For the first time, research shows that stress speeds the aging process by harming DNA. But Scott Pelley says there's a silver lining in that seemingly dark cloud: We have a say in the stress-aging relationship. We can offset the impact of stress.
Did you ever know someone under so much stress they aged right before your eyes?
It seems to happen to presidents after a term or two, and maybe you've noticed something similar in your own mirror.
Now, for the first time, a medical study has proven what we've all suspected: Stress speeds up aging.
And CBS News Correspondent Scott Pelley reports it does this by reaching all the way down into your cells and damaging your DNA. In a sense, chaos is crunching your chromosomes.
But don't stress out yet. Pelley points out that there is a way to prevent the damage.
It was in a project that followed women with real-life stress. It then peered inside to see their cells aging before their time.
When the researchers were looking for women to study, Eileen Attridge appeared to be the perfect subject.
The study needed 30 volunteers suffering the same kind of constant aggravation. So, naturally, they picked mothers but, more than that, mothers like Eileen, who all care for chronically ill children. Her daughter, 12-year-old Rosie, is autistic.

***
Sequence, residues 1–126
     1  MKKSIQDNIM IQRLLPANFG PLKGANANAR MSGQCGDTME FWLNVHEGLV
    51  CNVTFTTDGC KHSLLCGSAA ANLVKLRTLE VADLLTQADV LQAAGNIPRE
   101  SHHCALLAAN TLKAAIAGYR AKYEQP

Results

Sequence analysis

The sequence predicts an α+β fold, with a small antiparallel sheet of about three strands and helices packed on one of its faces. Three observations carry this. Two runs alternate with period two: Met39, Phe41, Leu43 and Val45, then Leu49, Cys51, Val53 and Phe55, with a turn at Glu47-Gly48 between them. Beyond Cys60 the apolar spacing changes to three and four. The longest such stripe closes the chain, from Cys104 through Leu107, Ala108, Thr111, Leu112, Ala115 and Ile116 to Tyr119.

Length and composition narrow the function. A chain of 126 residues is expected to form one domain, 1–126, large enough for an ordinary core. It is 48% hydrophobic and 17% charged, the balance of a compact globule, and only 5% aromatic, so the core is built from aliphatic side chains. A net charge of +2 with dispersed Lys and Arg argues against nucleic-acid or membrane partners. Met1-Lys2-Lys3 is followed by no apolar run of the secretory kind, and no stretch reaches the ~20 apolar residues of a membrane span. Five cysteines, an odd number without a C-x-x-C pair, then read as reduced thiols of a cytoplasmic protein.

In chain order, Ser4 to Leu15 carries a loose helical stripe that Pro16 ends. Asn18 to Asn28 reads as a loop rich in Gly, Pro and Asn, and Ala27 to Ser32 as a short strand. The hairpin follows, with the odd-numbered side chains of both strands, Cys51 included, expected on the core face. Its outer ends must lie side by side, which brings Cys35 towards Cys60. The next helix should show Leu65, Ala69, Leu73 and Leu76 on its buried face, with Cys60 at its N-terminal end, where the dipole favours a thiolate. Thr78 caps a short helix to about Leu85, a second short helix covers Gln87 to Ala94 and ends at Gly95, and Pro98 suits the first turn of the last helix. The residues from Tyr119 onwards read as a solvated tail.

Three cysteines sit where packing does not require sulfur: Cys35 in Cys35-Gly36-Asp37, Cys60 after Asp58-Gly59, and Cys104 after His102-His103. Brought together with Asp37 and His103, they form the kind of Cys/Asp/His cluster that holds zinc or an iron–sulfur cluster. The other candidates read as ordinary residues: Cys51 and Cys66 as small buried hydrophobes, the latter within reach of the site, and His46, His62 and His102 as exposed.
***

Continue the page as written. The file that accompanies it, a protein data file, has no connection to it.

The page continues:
Dr. Elissa Epel headed the stress study, at the University of California, San Francisco.
"I chose the mothers," Epel told Pelley, "because they tend to be a group that's under chronic stress at a very young age. … But they're young and healthy, so it gives us an opportunity to examine what chronic stress looks like in healthy people."
The first thing Epel had to do was measure how each mom coped with stress. Were they the kind who held up or the kind who fell apart? Epel designed a test that pushes their anxiety buttons. It measured their heart rates, blood pressure and perspiration rates.
Epel explained its premise, namely that, "The unpredictability and ambiguity, not knowing what you're gonna have to do, is stressful."
Such as solving a difficult math problem in front of a stern professor.
The test showed how stress affected the moms physically. But Epel also needed to know how it tortured them mentally. How well did each mom cope while caring for a sick child?
To see how they felt about anxiety, Epel had each mother answer a series of questions.
She says a psychologist took "everything we know about stress, and what's stressful, and put it into one questionnaire."
Pelley tried his hand at the questionnaire, as he put it, against his better judgment.
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